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Success of fertilization in golden hamsters is a function of the relative gamete ratio


Gamete Research 21(1): 1-10
Success of fertilization in golden hamsters is a function of the relative gamete ratio
Gamete concentrations can be expressed as either absolute gamete ratios (sperm/egg), the concentration of the motile sperm (sperm/ml), or as a relative gamete ratio (sperm/egg .times. ml). We demonstrate that the success of hamster fertilization in vitro is a function of the relative gamete ratio and that any effect of the insemination medium geometry is minimal. Consistent fertilization occurs when the relative gamete ratio is above 103.5 sperm/egg .times. ml, but becomes variable above 105.0 sperm/egg .times. ml. At suboptimal relative gamete ratios, there is a strong sperm concentration effect on both the consistency and level of fertilization, whereas the absolute gamete ratio only affects the overall level of fertilization. These effects are seen when the sperm concentration is below 103.5 sperm/ml and when the absolute gamete ratio is below 102.3 sperm/egg. These influences are probably due to reduced sperm survival at low sperm concentrations and due to a sampling error that occurs when small numbers of sperm are transferred. When the absolute gamete ratios found in vivo in the hamster [Cummins and Yanagimachi, 1982, Gamete Res 5, 239-256] are converted to relative gamete ratios, they are similar to our in vitro results. Thus relative gamete ratios allow, for the first time, comparison between in vitro and in vivo data in the hamster, and between other rodents.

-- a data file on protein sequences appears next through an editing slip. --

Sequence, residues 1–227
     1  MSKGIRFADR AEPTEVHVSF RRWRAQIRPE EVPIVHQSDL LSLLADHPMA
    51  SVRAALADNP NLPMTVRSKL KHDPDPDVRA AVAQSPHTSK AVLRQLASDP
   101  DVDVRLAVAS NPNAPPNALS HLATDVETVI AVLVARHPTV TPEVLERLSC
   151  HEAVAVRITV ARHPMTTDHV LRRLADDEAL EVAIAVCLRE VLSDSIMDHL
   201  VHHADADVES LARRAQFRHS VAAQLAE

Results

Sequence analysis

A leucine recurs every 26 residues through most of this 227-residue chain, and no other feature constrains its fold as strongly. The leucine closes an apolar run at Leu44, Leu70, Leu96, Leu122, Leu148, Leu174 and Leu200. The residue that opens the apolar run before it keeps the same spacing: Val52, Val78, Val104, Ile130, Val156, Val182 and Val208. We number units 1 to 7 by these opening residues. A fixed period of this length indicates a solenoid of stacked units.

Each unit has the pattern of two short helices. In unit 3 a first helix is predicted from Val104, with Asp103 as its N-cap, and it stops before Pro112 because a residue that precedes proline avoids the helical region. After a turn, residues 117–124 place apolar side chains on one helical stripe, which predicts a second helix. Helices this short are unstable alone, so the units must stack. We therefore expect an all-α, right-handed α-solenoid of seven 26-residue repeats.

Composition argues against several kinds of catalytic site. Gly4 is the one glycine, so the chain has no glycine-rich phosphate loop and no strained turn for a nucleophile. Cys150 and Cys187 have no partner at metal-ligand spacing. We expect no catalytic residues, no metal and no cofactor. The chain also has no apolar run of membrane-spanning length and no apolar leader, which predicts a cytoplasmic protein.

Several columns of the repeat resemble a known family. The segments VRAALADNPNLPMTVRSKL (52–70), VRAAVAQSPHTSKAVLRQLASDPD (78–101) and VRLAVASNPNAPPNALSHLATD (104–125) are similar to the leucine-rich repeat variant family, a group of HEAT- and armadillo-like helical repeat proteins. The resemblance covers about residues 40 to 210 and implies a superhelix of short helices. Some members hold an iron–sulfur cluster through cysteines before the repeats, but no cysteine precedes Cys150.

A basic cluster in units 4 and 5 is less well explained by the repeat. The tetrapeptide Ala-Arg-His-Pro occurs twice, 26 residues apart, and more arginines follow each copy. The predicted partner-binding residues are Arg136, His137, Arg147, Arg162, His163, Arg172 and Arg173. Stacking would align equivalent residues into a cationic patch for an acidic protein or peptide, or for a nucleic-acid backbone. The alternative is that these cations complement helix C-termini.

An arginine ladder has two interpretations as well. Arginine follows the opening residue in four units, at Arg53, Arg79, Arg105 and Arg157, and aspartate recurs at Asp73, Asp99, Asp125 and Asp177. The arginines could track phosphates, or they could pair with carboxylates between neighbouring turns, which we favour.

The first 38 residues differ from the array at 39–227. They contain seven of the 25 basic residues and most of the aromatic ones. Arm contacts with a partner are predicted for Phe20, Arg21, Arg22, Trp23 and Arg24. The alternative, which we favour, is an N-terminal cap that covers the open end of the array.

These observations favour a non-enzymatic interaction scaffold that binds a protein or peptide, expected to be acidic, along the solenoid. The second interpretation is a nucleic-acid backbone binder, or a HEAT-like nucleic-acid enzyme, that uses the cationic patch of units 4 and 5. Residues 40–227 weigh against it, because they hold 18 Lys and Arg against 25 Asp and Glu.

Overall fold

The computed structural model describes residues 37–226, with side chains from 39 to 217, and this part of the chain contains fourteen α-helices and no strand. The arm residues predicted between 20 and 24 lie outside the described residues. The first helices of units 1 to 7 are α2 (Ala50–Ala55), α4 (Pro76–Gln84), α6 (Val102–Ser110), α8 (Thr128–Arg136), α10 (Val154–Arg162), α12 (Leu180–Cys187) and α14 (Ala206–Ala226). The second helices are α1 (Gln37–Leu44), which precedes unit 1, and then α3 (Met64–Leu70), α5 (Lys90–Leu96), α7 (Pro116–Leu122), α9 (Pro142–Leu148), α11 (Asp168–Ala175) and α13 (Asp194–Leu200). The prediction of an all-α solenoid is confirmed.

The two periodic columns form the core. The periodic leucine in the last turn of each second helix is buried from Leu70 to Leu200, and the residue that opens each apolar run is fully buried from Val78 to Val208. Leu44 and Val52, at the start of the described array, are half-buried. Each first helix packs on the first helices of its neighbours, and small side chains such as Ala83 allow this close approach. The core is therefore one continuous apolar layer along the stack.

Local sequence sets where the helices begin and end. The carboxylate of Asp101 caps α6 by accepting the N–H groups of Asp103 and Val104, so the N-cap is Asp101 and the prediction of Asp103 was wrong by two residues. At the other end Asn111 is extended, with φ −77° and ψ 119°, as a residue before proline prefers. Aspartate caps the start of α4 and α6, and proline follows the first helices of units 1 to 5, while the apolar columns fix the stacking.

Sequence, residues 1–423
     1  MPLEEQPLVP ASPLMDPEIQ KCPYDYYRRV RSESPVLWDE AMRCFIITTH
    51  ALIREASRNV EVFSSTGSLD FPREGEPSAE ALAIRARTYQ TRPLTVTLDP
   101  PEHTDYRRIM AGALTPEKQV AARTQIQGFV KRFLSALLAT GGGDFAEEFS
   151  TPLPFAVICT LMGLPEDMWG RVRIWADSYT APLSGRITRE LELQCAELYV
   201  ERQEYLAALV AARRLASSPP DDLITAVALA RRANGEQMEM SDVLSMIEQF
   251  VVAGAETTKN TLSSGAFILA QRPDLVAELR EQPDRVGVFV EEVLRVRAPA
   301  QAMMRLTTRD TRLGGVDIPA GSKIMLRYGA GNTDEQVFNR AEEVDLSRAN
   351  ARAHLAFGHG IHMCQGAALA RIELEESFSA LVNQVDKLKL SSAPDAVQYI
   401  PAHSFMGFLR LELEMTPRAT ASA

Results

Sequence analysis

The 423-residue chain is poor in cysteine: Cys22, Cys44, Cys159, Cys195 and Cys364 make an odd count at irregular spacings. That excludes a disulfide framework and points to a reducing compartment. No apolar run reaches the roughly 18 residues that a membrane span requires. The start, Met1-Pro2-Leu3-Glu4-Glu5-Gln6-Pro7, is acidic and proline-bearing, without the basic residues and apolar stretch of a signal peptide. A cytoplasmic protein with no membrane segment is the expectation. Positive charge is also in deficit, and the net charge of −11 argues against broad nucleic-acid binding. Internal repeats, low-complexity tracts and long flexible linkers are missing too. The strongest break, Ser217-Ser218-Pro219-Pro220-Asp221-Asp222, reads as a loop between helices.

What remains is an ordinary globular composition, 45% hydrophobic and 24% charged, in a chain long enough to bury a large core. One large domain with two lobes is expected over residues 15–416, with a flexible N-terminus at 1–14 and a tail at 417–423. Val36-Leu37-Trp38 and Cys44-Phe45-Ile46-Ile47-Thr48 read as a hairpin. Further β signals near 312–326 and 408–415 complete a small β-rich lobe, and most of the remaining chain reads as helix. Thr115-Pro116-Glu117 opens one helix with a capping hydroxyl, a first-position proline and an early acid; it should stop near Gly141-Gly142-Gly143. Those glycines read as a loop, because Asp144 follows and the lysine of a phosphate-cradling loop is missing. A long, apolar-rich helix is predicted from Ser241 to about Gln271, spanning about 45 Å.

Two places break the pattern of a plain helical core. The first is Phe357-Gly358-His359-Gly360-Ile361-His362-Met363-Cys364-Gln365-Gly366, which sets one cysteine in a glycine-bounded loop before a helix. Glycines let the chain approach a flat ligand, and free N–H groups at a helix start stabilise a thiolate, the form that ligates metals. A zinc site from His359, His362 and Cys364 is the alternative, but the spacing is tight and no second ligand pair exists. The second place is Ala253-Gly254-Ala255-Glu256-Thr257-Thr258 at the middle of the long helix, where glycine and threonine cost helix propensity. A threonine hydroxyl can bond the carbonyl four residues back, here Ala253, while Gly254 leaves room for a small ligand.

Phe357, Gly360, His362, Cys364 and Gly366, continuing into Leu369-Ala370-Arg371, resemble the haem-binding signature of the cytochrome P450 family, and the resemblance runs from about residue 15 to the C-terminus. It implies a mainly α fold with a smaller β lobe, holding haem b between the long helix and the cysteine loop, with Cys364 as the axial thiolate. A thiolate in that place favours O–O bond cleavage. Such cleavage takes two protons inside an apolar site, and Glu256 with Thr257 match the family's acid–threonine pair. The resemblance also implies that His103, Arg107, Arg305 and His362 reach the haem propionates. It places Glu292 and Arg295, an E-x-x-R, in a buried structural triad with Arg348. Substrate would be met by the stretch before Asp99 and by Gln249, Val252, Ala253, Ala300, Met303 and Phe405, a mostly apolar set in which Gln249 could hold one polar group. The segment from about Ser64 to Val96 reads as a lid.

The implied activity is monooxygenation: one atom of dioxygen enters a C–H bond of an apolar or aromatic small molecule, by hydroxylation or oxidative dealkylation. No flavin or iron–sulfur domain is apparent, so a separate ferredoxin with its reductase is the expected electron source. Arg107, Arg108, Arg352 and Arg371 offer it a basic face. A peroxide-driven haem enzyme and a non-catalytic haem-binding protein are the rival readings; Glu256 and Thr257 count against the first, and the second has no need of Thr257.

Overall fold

Accession: 001959641

PMID: 3229718

DOI: 10.1002/mrd.1120210102

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